Legal education is notoriously abstract. It’s engrossing, even fascinating, but at some point in their first year students are liable to lose perspective. Students might forget what drew them to the law in the first place and fail to discern the connection between the appellate-level decisions that they read each day and what they’ll face in their routine practice. The clinics offered through Public Interest Law are a happy bridge over that chasm.
In the fall of my second year, I enrolled in the school’s Public Interest Law Seminar and Clinic. I served at Greater Boston Legal Services, working on behalf of a sizeable roster of clients seeking to have their CORI (Criminal Offender Record Information) records sealed. Recent state law allows many offenders to seal their criminal records, thereby furthering their rehabilitation by allowing them the possibility of employment and public housing.
These were not big, important cases in the grand scheme of things, but it’s a truly heady feeling when, as a first semester 2L, you are able to represent clients in court under the Massachusetts student practice rule (Supreme Judicial Court Rule 3:03) and stand up in front of judge and say your name, followed by “representing Client X.” And your client looks at you with hope in her eyes. And the judge grants your motion. And your client embraces you. And you realize: yes, I can do this. And more than that: I WANT to do this. And maybe even: I’m needed to do this; I’m called to do this.
Meanwhile, a second clinic, the Environmental Law Clinic, landed me at the state Department of Environmental Protection, a dream spot for someone who came to school hell-bent on engaging in environmental causes. Coupled with courses in Environmental Advocacy and Environmental Law (along with Land Use, Energy Law, and Property), the internship made a few things clear. First, administrative law is incredibly complex, but manageable as you begin to piece the puzzle together. Second, law is not necessarily adversarial, but often consists of bringing parties together to work out solutions in the best interests of everyone involved. Third, you literally never know what’s coming. One day I was working on an extensive memo regarding the legal limits on use of drones by law enforcement; the next, I was romping through the woods at the site of the Pilgrims’ first settlement in Plymouth, studying the fish ladders that the state was using to preserve the descendants of the same herring that fed those settlers and their Native American predecessors.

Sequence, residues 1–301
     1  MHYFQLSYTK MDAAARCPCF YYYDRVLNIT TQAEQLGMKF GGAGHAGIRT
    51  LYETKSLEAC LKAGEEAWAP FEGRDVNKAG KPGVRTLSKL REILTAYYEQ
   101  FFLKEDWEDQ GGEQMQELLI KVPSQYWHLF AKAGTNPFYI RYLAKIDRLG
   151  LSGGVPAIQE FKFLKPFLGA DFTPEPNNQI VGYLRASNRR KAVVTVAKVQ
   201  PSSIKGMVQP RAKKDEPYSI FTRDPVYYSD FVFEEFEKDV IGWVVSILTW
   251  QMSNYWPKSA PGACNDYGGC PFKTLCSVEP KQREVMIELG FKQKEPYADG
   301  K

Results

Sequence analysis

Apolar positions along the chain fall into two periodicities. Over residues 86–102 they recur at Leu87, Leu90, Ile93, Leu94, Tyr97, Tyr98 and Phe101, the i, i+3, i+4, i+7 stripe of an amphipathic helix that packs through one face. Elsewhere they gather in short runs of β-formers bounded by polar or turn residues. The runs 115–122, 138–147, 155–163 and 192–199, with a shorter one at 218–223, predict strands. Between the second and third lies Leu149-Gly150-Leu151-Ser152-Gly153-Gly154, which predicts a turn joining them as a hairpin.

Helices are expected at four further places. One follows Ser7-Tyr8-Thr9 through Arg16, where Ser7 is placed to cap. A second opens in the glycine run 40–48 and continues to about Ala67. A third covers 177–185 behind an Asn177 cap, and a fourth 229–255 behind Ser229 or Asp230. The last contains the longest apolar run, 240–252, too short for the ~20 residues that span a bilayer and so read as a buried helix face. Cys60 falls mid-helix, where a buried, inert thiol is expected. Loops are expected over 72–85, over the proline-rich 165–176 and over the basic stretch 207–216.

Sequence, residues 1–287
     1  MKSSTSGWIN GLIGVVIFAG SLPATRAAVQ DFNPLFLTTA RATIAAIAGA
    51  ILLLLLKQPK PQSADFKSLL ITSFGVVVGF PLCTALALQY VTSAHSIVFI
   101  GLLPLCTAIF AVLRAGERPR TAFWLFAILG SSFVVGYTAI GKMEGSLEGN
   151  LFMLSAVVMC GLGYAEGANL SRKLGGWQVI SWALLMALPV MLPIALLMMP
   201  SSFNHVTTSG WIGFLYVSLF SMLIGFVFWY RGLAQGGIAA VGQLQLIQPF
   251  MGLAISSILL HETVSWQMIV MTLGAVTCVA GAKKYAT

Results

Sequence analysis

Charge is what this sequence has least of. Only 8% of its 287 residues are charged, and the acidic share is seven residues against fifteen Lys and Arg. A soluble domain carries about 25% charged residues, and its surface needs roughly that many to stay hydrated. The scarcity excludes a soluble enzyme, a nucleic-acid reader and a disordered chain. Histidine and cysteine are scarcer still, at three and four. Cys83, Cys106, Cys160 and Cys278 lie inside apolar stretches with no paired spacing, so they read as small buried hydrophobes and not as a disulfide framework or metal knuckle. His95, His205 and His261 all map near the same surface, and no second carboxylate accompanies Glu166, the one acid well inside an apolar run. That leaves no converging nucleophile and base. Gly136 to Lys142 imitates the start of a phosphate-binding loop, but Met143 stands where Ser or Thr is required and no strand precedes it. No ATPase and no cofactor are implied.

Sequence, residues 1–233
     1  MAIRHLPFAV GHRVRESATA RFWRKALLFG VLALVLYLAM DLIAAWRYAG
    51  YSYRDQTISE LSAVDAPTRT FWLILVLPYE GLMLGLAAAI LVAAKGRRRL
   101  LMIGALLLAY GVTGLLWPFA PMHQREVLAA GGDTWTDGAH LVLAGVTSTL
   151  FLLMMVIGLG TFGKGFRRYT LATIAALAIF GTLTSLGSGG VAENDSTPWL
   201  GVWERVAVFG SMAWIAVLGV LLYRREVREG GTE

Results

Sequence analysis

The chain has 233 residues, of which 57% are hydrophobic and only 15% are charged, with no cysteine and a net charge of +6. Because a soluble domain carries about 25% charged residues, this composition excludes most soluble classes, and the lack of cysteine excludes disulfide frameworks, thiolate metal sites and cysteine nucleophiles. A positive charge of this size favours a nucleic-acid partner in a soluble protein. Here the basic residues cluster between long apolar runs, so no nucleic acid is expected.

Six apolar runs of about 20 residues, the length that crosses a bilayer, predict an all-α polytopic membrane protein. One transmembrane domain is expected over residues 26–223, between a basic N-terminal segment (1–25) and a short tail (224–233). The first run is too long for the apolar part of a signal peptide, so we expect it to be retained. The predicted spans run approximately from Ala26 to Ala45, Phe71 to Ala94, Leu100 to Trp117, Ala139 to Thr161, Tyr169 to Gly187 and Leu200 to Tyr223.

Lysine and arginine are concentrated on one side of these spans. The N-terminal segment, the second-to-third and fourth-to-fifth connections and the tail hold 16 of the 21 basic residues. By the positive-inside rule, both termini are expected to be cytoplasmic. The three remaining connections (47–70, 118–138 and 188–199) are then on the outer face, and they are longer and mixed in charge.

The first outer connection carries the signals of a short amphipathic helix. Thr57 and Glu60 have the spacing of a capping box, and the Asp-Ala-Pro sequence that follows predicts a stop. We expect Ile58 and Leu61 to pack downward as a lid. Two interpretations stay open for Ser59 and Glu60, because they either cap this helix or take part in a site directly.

Numerous other opportunities to exercise what you’re learning exist for public-interest minded students at New England Law. Nontraditional courses such as “Public Interest Law” and “Environmental Advocacy” focus less on case law and matters of doctrine than they do examining the role of lawyers in larger social and political contexts, and students provide their own perspectives based on both past experience and what they’re doing in clinical practice.
On-campus organizations such as the New England Law chapter of the American Constitution Society provide an opportunity to work with some of the leading legal minds in the city and engage students on pressing issues. The school’s admirable Center for Law and Social Responsibility provides a raft of opportunities for pro bono work, along with extending generous subsidies for students to attend the annual Robert M. Cover retreat in New Hampshire, the high point many law school careers.
Finally—and no less important than any of the above—you’ll find, at New England Law, a genuinely diverse student body and classmates passionate about justice, equality, and inequity, committed to reforming the system even as they work diligently to hone their own legal skills. The school likes to boast about the collegial atmosphere that exists in the school—it’s no idle claim, and the support and enthusiasm that you’ll find among similarly-minded students is a rare and truly wonderful thing.